Friday, January 27, 2006

March 2, 2000

Watch the western skies this month for a lovely pas de quatre among the Moon, Mars, Jupiter, and Saturn.

The dance begins about one hour after sunset. The three planets are arrayed in a diagonal line plunging towards the western horizon, with Mars the lowest and Saturn the highest. Between them is Jupiter, which, at the start of the month, is the brightest object in the whole sky.

On the 7th, the waxing crescent Moon joins the planetary trio. At first it appears on the horizon below them all, but on succeeding evenings it glides by each planet in turn as the Moon pursues its easterly orbit around yet another planet, Earth. By the 10th, the Moon has become the highest of the four members of the lunar-planetary alignment.

Meanwhile, the planets are converging at a rapid clip, and actually display four types of motion simultaneously. First, each night all three planets set in the west because of the easterly rotation of the Earth. Second, all three planets are lower each night due to the Earth's revolving around the Sun more rapidly than they. Third, they are moving eastward against the background stars in their orbits around the Sun. Fourth, they appear to be approaching one another because of their own relative orbital speeds.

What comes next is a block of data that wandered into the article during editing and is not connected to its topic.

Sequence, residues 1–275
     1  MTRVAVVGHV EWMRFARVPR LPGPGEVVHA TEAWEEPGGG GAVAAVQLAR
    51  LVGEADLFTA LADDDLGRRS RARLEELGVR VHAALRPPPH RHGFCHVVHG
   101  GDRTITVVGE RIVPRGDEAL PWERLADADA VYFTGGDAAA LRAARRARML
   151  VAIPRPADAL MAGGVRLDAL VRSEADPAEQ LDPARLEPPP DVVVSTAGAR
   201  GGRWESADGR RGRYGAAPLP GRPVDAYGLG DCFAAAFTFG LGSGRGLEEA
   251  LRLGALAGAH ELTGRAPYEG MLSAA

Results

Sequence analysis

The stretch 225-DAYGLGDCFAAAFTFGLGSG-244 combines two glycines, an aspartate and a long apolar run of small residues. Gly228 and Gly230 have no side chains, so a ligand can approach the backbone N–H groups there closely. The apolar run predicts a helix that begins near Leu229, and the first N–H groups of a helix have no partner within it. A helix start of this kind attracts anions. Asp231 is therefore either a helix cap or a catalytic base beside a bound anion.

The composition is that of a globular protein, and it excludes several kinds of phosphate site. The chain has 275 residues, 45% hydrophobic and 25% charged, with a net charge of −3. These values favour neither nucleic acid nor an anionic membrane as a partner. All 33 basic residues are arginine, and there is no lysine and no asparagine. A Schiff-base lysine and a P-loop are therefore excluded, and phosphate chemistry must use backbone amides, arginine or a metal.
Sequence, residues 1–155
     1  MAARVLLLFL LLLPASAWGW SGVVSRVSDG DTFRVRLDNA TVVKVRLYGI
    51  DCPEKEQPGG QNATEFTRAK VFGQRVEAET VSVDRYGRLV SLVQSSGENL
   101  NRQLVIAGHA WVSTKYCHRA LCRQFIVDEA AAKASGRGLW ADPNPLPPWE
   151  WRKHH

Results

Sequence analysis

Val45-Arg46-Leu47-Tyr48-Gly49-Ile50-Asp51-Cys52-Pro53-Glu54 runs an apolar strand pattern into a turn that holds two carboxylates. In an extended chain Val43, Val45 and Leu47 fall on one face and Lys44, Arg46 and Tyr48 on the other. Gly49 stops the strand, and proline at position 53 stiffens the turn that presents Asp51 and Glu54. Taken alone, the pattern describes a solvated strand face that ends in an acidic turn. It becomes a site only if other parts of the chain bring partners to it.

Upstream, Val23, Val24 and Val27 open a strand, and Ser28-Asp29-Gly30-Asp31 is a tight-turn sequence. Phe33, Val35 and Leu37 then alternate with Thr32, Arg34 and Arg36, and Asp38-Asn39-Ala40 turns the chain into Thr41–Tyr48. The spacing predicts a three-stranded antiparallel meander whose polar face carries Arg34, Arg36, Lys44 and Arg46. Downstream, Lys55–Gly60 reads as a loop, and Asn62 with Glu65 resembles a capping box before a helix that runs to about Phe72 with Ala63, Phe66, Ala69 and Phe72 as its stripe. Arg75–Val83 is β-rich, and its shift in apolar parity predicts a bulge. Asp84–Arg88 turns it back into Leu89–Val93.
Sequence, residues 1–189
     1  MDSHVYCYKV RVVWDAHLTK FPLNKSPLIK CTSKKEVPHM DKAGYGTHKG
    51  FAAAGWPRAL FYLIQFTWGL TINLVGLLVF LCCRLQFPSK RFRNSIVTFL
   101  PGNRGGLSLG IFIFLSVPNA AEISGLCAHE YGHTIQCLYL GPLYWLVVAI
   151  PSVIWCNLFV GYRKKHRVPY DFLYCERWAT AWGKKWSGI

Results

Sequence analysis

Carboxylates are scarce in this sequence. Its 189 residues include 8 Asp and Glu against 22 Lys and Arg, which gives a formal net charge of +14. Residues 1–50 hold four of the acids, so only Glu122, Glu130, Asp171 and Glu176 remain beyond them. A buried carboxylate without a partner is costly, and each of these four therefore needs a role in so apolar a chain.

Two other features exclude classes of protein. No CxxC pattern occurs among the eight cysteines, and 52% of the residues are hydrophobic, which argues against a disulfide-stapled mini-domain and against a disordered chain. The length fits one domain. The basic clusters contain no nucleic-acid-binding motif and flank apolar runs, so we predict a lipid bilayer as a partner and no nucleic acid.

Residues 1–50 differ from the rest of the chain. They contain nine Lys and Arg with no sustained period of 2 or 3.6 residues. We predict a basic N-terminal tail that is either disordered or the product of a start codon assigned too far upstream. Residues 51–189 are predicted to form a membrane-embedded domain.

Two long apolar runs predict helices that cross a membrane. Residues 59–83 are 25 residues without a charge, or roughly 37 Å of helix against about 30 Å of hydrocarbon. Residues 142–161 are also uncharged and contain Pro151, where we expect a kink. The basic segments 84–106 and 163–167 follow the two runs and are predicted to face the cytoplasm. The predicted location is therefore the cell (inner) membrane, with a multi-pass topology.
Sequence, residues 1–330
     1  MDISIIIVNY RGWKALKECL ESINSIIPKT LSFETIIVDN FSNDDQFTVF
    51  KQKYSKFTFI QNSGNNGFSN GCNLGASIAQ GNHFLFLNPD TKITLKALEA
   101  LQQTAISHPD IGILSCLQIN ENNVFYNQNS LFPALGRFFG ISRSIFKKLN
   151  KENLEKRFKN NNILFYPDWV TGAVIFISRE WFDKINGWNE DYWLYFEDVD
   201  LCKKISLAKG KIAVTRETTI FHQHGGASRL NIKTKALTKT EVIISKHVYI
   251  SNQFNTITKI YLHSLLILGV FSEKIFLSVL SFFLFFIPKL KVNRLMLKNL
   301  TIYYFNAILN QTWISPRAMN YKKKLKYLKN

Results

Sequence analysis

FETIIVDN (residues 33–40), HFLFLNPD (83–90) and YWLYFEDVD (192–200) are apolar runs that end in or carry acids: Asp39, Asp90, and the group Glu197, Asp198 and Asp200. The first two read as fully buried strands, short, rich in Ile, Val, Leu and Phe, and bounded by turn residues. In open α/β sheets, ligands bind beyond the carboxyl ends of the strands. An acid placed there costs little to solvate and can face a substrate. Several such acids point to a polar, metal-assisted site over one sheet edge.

The vernal equinox returns at 2:35 a.m. on the 20th. On this date the Sun rises due east and sets due west. By coincidence, the Moon will also rise due east that same evening. This is a good month to get oriented!

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